Everyone has the right to go to work each day, knowing they’ll come home safely. If you’ve been injured or become ill at work you may be entitled to make a claim for workers’ compensation to cover lost wages, medical and rehabilitation costs, retraining expenses or a lump sum payment for permanent injuries. This applies if your injury or illness is psychological in nature. 

There have been a lot of changes to arrangements in NSW for seeking workers’ compensation in recent years. You could be forgiven for being a little confused about where to start. After all, workers’ compensation laws and entitlements are already a little hard to keep up with because they vary between states and territories and may be known as WorkCover, CTP or WorkSafe. Compensation and benefits can vary greatly depending on your injury and on the law you’re covered by. 

If you’ve been injured at work in NSW, Littles has you covered. This blog sets out the process for making a workers’ compensation claim. 

Read more here: 

Your NSW workers’ compensation FAQs – Part 1 – Littles

Your NSW workers’ compensation FAQs – Part 2 – Littles

Before we kick off…

Many of the recent changes to workers’ compensation arrangements in NSW don’t’ apply to 

• police officers, paramedics and fire fighters

• coal miners 

• bush fire fighters and emergency service volunteers (including Rural Fire Service, Surf Life Savers, and SES volunteers), and 

• people with a dust disease claim under the Workers Compensation (Dust Diseases) Act 1942.

First things first – do you have a workplace injury?

To be eligible to claim workers’ compensation in NSW, you must have sustained an ‘injury arising out of or in the course of employment’. You will be able to claim compensation whether the injury occurred ‘at or away’ from your place of employment. This may include circumstances where you are injured travelling to or from work and home.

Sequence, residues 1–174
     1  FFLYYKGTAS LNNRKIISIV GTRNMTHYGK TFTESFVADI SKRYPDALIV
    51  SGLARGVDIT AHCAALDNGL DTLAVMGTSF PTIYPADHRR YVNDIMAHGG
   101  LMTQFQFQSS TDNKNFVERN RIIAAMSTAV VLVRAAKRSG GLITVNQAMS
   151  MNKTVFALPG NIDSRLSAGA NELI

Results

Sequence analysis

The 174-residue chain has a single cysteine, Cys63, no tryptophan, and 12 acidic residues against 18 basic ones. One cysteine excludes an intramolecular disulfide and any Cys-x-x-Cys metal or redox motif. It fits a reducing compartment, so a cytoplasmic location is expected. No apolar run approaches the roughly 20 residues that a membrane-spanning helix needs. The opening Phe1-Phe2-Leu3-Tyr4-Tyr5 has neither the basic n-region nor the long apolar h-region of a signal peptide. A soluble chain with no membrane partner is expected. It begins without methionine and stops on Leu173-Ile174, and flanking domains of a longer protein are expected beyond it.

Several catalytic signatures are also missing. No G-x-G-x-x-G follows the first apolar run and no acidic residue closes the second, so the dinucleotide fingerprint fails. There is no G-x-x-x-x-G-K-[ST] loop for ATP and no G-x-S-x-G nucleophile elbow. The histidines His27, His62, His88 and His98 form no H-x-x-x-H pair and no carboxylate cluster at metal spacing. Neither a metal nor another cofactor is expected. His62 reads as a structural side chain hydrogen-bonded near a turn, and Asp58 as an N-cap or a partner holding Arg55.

This also includes any ‘disease injury’ which includes a:

• disease that is contracted by a worker in the course of employment but only if the employment was the main contributing factor to contracting the disease; and

• the aggravation, acceleration, exacerbation or deterioration in the course of employment of any disease, but only if the employment was the main contributing factor to the aggravation, acceleration, exacerbation or deterioration of the disease; and

• does not include (except in the case of a worker employed in or about a mine) a dust disease, or the aggravation, acceleration, exacerbation or deterioration of a dust disease. 

What this means is that compensation will generally only be payable where there is a real and substantial connection between your  employment and the accident or incident which resulted in your injury.

If your matter ends up going through legal processes, the Personal Injury Commission or a court will consider all of the contemporaneous evidence available to determine if your injury was work related. If you’re unsure about this, or whether you are eligible to make a workers’ compensation claim, err on the side of caution – at minimum, report your workplace injury related medical condition to your general practitioner or medical specialist.

I’ve been injured in my workplace. What next?